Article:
Earl's vision, however, was never realized. Just as they disagreed with his "radical" notion that design was the number one reason for cars sales in America, GM company leaders dismissed Harley's idea that small cars were the future of the auto industry and refused to break from their tradition of "Building Big Cars Forever." This proved catastrophic to the American auto industry, by the time they realized how grossly they'd misread their consumer audience, small foreign cars flooded the North American market place and GM was in a sharp decade's long decline. Read a timeless Harley Earl article on building smaller cars in America, click below:

 

This 1950 "Growing" Stops for Automobiles report details a significant battle behind the controversial Small Car vision Earl predicted. Since it was never realized, at the time, it went on to play no small part in the dramatic fall of America's greatest auto maker. A magnet for mythology, Harley Earl is still an an auto industry legend and many know him as an iconic business pioneer for engineering consumer demand/desire for modern automobiles like no other leader.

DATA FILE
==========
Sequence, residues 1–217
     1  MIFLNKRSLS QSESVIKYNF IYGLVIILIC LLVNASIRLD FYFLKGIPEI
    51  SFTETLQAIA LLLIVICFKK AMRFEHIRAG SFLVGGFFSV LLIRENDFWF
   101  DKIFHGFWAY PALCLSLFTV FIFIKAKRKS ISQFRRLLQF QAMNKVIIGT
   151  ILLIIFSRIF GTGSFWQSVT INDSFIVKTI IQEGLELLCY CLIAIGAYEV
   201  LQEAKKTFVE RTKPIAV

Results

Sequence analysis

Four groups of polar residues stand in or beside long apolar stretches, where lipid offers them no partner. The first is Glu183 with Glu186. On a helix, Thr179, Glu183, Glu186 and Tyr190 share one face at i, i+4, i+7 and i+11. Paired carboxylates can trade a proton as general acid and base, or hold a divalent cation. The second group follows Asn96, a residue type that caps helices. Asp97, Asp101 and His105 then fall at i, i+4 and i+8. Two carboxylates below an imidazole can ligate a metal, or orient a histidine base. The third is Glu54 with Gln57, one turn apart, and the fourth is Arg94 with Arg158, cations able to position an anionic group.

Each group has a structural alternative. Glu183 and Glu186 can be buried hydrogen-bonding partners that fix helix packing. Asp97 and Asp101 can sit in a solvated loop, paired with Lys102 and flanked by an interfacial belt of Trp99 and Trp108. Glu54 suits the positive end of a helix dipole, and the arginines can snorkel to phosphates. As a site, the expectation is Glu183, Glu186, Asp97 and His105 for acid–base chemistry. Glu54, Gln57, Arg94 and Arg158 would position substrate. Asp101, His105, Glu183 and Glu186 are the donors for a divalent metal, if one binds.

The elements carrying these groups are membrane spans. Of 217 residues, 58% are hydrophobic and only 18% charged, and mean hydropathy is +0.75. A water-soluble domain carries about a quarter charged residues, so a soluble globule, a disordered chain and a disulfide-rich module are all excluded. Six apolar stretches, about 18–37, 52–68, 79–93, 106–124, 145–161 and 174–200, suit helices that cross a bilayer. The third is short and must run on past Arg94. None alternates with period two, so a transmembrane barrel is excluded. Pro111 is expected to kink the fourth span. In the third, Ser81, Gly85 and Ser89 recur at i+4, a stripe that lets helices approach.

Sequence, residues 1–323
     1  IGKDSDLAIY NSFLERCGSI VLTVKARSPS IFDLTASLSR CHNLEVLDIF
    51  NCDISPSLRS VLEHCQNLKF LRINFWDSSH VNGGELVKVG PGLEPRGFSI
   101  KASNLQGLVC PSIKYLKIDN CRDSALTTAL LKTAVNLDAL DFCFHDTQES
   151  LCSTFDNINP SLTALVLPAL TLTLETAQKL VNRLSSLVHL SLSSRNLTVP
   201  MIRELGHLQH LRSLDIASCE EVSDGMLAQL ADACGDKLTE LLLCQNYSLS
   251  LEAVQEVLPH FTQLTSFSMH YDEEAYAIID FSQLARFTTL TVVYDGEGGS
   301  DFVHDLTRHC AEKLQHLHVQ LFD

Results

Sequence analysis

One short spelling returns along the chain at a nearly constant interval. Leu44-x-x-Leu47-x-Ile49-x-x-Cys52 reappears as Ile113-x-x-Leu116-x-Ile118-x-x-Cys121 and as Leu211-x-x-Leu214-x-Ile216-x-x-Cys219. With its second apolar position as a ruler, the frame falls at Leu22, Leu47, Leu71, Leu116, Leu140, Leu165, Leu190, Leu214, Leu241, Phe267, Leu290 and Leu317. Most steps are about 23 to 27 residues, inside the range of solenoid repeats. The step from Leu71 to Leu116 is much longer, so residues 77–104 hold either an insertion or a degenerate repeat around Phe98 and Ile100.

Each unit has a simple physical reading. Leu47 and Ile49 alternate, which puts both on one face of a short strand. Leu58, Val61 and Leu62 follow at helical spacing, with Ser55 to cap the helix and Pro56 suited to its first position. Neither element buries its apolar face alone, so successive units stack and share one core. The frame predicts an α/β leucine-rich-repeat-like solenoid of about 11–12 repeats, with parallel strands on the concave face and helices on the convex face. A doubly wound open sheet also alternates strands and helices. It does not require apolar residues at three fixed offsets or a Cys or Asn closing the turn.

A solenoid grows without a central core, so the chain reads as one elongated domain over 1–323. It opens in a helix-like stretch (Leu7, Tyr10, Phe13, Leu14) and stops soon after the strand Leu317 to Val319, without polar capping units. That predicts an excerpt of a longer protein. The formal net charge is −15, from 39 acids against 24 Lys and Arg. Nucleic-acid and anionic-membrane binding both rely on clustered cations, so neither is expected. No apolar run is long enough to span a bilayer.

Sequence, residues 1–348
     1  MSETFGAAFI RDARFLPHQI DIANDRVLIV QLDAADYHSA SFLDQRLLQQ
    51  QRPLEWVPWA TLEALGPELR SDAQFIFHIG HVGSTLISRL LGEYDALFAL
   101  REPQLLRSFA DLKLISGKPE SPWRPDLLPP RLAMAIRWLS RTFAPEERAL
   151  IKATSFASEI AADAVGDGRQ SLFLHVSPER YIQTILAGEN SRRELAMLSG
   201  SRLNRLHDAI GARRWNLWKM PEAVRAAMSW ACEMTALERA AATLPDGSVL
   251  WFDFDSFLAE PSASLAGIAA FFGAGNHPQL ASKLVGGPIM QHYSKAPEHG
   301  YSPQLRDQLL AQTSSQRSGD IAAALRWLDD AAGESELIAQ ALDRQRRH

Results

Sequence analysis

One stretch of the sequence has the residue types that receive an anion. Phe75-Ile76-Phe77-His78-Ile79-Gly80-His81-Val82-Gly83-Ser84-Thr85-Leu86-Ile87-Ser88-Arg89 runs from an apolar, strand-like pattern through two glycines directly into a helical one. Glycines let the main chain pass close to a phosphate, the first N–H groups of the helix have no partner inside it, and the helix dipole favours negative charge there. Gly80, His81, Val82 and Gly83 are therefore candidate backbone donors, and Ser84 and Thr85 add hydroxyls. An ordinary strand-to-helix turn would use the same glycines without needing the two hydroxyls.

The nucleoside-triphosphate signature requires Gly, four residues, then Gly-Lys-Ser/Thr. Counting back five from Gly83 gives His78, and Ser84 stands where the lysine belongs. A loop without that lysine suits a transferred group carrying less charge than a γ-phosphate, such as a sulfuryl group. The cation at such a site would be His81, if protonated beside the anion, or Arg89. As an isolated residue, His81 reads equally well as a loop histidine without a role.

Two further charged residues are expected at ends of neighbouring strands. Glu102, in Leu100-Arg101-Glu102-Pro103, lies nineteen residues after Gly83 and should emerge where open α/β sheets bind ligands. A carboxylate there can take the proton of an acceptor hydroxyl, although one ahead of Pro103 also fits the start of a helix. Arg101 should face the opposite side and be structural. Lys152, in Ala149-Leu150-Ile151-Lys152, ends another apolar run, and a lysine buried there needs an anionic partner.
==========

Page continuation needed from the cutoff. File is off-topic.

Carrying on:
It's ironic that Earl shed light, so long ago in the modern era, on the very essence of what eventually toppled General Motors in the 2008/2009 bankruptcy, "It's a matter of record that poor styling or improperly timed styling has proved financially disastrous to some automobile manufacturers." 

An ultra-modern truck, bus and an advanced styled 1959 Cadillac design above point to how if Harley Earl had never moved from Hollywood, CA. to Detroit, MI. "to make a difference" the world as we all know it today would be a duller place. 

 

Conclusion

The American auto industry is at a precarious crossroads where it can either make a dramatic turnaround or lapse into automotive obscurity. Harley left in place a paradigm for exceptional automotive design and now, more than ever, it’s critical for Detroit to revisit the innovative roots and proven traditions from its heyday. By unearthing the lost legacy and mystique of Harley J. Earl, a man who truly devoted his life to the bettering of the American automotive industry, this site intends to inspire new leaders. 

 

Through the language of vision which knows no boundaries   this website will continue introducing exclusive segments on the untold side of Harley Earl's life and work. From a kaleidoscope of historic images, reel footage and audio clips to a vivid storyline, we intend to supply everything imaginable.